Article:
1. See especially, Joint Center for Political Studies publications: National Roster for Black Elected Officials (1970-1994); Black Elected Officials (1984); Black Political Participation; Black Politics (1980); Election '78: Implications for Black America (1979); Facts and Figures (1987-88); Focus vols. 10, 14, 18, 22 and 23; JCPS Congressional District Fact Book (1986); The JCPS Guide to Black Politics, 1976; and Elected and Appointed Black Judges in the United States (1986). Also see, Directory of African American State Legislators (Washington: National Black Caucus of State Legislators, 1994 and 1995), and William L. Clay, Just Permanent Interests: Black America in Congress, 1870-1991 (New York: Amistad Press, 1992).

  2. A word here about magnetic fields, static and the use of electrical cords with tape recorders. Early in the VRADP, I encountered a problem that caused irreversible damage to two important interviews. Initially, the Project used a Bell and Howell tape recorder. Although the machine was older, bulkier and heavier than the newer technology, it worked just fine and was mechanically capable. However, the use of the Bell and Howell ceased the week it twice acted as a radio receiver during the interview taping within a mile of a radio tower. While this problem is certainly not particular to Bell and Howell recorders, it was the fact that I used the machine's electrical cord to plug it into an a/c outlet that set the trouble into motion. Unaware that the machine was acting as a radio receiver during parts of the interview, when I replayed the tape to check it, there were disc jockeys talking and music playing over the recorded interview. While the machine would have worked on batteries, the decision to use the a/c cord was a practical one in that the machine, microphone, tapes, cords, forms, extra press releases, etc. really weighed my backpack down. In nearly twenty years of conducting interviews this had never happened to me. A word to the wise: invest in equipment with state of the art circuitry, and most important, invest in alkaline batteries or rechargeables and stay on top of their use and power drainage. In response to the recorder problem, the MSRC invested in a new, much lighter weight Marantz recorder and appropriate microphone. Fortunately both interviews were in the Washington area and both interviewees agreed to a repeat interview upon learning of the technical difficulty.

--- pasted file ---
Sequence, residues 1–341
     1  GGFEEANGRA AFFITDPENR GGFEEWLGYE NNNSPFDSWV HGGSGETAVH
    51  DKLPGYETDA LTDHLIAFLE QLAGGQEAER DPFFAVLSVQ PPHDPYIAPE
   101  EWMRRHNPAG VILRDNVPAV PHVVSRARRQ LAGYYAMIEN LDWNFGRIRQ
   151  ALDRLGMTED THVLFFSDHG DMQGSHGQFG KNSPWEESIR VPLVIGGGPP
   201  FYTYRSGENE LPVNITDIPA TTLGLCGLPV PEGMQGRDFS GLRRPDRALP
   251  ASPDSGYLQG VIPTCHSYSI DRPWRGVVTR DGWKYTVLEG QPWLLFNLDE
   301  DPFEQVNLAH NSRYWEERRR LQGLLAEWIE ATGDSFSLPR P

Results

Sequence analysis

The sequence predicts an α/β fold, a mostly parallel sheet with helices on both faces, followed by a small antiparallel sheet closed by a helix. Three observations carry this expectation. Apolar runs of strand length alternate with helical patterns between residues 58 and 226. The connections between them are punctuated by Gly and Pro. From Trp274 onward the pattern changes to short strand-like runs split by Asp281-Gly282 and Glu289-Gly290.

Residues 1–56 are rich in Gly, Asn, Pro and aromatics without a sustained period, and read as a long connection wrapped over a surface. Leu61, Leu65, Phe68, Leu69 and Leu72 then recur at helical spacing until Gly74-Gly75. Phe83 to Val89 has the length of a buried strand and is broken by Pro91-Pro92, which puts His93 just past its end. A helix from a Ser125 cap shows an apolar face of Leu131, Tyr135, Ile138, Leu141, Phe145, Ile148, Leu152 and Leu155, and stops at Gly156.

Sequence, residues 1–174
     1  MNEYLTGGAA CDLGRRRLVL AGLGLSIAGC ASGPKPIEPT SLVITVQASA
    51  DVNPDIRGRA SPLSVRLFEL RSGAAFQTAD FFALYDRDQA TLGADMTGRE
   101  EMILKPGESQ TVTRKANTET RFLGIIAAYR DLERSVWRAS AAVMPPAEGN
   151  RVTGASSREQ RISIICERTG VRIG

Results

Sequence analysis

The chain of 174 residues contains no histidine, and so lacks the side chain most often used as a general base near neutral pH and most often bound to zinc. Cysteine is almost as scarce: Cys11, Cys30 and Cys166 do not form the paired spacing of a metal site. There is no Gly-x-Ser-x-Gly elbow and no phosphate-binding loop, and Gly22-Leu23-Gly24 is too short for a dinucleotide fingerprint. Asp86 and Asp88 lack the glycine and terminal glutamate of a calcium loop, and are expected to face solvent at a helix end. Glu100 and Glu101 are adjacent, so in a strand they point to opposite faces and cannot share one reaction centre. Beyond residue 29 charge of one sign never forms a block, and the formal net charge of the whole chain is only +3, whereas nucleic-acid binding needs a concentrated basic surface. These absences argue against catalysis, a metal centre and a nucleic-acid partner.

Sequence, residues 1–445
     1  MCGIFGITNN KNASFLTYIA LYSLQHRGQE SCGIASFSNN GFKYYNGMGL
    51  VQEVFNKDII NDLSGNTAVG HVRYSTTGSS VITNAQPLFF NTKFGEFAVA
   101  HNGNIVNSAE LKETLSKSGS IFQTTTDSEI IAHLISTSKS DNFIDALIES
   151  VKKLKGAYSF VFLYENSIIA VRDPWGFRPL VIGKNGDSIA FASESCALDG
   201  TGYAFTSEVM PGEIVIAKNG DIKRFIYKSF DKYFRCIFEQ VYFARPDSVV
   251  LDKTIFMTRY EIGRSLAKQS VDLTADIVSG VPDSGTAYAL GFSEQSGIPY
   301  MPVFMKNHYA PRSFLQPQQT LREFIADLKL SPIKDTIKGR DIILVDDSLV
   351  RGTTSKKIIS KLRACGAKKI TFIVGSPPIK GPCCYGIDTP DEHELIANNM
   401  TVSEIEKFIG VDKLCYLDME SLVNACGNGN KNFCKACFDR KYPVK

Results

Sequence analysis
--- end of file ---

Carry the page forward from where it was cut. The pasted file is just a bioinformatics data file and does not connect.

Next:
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November 1999